Over the course of the coronavirus pandemic, there have been hundreds of deaths among healthcare staff from Covid and many thousands off sick or self-isolating, but many hospital staff say they still don't feel properly protected at work.

They blame a sudden weakening in policy on masks and other personal protective equipment (PPE) early in the pandemic.

And the largest health unions and many professional groups say the new variants of the coronavirus could put staff at even greater risk.

Matt Butler was preparing for a weekend shift last March, aware he would be caring for his first Covid-19 patient.

A consultant in geriatrics, he knew that the disease was taking a terrible toll on the elderly.

So he studied the personal protective equipment (PPE) instructions, issued soon after the crisis started, which said he would have to wear a long-sleeved gown, gloves, eye protection - and a particular kind of mask.

Known as an FFP3, it fits closely over the mouth and nose and has an in-built filter to screen out tiny virus particles called aerosols that can linger in the air.

This level of protection seemed to make sense because research into a related coronavirus, Sars, which claimed nearly 800 lives in Asia in 2003, found that aerosols could spread it.

A special training video from the NHS and Public Health England even demonstrated how to fit the mask properly.

So when Dr Butler went to bed on Friday 13 March, he felt reassured.

But when he arrived at the hospital the next morning, he was shocked to find that the official safety instructions had been mysteriously downgraded overnight.

With no warning, staff on wards across the UK would now be getting lower levels of protection - no longer would Dr Butler and his colleagues be equipped with the FFP3 masks that they'd trained for.

Instead, they were told, surgical masks - which are far thinner and cheaper - were now deemed to be adequate.

"I was very scared and a lot of us were very scared," he says.

For this calm and experienced professional, facing a new virus was part of the job.

But how, he wondered, could FFP3 masks be thought essential one day but not the next? How could the risk from infectious aerosols suddenly vanish?

These were questions that would increasingly unsettle him and his colleagues as the pandemic escalated.

And they would lead to increasingly desperate appeals for better equipment by a leading healthcare organisations, the British Medical Association which represents doctors, the Royal College of Nursing, the College of Paramedics and many others.

As Dr Butler puts it: "We just feel like backs have been turned against us and that we're less important, we're seen as more expendable almost."

Who changed the policy and why?

With growing evidence that the virus can spread through aerosols, and with new variants increasing the risks of infection, many of the most prominent medical unions remain worried about the risks.

A decision last year that might appear to be a bit of ancient bureaucratic history is highly relevant right now and - in the view of some - a matter of life and death.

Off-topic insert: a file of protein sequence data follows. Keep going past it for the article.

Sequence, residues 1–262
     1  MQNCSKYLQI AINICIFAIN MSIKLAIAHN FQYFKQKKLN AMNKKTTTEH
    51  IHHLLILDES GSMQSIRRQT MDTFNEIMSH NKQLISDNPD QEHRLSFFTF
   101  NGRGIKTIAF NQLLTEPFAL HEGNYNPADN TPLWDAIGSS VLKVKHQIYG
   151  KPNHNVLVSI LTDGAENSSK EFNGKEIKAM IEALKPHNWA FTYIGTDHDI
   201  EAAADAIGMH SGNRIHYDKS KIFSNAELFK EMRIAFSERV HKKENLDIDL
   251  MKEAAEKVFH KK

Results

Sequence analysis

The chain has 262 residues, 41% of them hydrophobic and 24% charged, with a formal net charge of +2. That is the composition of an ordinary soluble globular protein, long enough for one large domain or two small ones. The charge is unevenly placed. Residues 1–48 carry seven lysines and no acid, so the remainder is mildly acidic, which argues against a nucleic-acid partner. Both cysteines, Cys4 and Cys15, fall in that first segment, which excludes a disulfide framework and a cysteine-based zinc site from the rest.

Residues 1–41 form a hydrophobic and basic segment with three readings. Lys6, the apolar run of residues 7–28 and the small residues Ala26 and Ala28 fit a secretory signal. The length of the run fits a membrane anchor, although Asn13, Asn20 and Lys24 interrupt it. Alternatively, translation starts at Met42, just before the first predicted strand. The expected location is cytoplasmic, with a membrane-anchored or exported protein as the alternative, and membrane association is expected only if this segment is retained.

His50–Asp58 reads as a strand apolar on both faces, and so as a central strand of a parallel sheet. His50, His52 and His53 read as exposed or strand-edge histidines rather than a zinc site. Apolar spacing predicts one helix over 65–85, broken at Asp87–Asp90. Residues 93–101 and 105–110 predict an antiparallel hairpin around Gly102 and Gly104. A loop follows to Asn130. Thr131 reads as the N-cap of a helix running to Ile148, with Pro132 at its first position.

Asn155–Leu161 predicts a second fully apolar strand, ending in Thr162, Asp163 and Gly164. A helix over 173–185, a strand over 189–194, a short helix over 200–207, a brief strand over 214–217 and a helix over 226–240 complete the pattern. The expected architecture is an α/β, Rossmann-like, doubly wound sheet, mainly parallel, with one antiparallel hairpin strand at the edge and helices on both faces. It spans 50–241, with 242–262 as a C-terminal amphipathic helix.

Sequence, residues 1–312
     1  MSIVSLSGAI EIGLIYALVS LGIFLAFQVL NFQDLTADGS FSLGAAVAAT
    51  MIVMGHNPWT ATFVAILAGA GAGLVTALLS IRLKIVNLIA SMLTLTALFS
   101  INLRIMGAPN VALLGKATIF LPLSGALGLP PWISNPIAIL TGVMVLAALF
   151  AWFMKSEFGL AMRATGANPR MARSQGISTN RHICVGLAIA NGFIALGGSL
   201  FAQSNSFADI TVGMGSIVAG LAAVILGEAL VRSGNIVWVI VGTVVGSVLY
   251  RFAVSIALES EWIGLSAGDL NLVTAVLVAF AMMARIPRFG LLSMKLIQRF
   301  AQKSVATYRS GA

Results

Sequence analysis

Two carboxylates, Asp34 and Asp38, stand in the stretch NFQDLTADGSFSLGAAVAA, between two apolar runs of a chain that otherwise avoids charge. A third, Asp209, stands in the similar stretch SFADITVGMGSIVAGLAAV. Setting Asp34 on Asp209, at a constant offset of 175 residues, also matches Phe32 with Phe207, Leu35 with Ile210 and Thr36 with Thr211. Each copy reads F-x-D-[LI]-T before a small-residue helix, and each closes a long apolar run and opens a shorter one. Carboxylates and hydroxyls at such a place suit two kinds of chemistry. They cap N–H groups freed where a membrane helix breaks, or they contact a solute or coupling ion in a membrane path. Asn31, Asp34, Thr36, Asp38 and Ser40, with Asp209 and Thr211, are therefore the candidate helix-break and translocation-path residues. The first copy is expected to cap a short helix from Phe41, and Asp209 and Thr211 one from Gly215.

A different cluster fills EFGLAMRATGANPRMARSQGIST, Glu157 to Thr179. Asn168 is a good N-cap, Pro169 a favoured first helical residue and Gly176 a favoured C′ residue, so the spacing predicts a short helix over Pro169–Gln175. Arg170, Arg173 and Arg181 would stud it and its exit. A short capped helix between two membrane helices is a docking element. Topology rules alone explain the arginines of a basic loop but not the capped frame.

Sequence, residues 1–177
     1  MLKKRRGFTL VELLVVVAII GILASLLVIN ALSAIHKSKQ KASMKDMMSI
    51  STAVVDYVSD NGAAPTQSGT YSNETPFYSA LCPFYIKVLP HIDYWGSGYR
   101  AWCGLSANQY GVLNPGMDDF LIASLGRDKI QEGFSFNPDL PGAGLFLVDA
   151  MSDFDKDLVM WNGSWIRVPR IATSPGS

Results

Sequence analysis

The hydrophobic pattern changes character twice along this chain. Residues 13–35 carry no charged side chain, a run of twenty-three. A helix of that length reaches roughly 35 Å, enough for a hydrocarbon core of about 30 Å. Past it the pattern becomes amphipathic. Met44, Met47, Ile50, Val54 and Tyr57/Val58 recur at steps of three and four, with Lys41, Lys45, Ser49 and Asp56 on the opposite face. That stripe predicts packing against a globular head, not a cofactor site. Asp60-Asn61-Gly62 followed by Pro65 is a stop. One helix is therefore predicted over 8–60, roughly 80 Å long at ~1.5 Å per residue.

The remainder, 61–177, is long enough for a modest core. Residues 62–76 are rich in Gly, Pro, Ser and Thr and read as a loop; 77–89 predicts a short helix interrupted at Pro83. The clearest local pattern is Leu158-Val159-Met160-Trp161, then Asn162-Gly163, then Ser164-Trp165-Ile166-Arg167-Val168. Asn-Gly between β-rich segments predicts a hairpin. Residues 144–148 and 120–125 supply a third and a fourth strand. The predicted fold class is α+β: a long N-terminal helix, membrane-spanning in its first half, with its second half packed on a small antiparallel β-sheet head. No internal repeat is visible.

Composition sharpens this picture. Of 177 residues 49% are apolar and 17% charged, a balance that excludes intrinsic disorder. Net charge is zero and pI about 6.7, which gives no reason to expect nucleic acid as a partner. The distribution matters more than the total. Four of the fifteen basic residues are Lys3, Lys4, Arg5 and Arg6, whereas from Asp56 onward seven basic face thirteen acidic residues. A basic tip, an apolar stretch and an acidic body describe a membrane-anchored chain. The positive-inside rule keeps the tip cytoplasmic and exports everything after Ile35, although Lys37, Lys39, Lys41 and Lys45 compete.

What Dr Butler didn't know when he turned up for work back in March 2020 was that wheels were turning behind the scenes in Whitehall.

March 2020 was a febrile time, with so much unclear about the virus itself, how to treat its victims and how emergency plans for a flu pandemic should be adapted for the coronavirus instead.

Decision-making involved a complex web of organisations known by a dizzying array of acronyms, and unpicking how things unfolded isn't easy.


One of the most important groups is so obscure that it hasn't published any minutes since 2017.

The Advisory Committee on Dangerous Pathogens (ACDP) assesses how to handle biological hazards from anthrax to Ebola.

Back in January 2020, as details emerged from Wuhan, the committee had added the new coronavirus to a grim list of illnesses defined as a "high consequence infectious disease".

That alarming label carried a host of implications for labs and hospitals around the country.

It meant that ambulances had to go through a three-hour cleaning process between patients, and that everyone dealing with the virus had to wear a certain grade of PPE.

That included the FFP3 masks that Dr Butler and others had been poised to wear.

But on 13 March the advisory committee ruled coronavirus would no longer be defined as "high consequence".

The consequences would be far reaching.

Why did this decision matter?

The exact reasons for the decision have not been made public.

A government statement a few days later said it was a "technical" definition that simply reflected the fact that the death rate from the virus was much less severe than expected - far lower than Ebola, for example, where as many as 50% of infected people die.

In any event, the decision acted like a lubricant to the cogs of government.

The Department for Health and Social Care was said to be "moving towards" a shift from FFP3 masks to surgical ones, and a rapid sequence of events then made that happen:

  • Prof Jonathan Van-Tam, the deputy chief medical officer, agreed to consult the ACDP, the group advising on dangerous pathogens
  • Its chair told him that his committee was "unanimous" in declassifying the coronavirus as "high consequence"
  • That day another key committee - Nervtag (the New and Emerging Respiratory Virus Threats Advisory Group) - was told the government supported changing PPE recommendations

So, in a matter of hours, the key figures were aligned and the way was clear for a new message to go out: FFP3s were no longer required on the wards - as Dr Butler would discover when he reached his hospital the following morning.



Cred: David Shukman
BBC Science Editor

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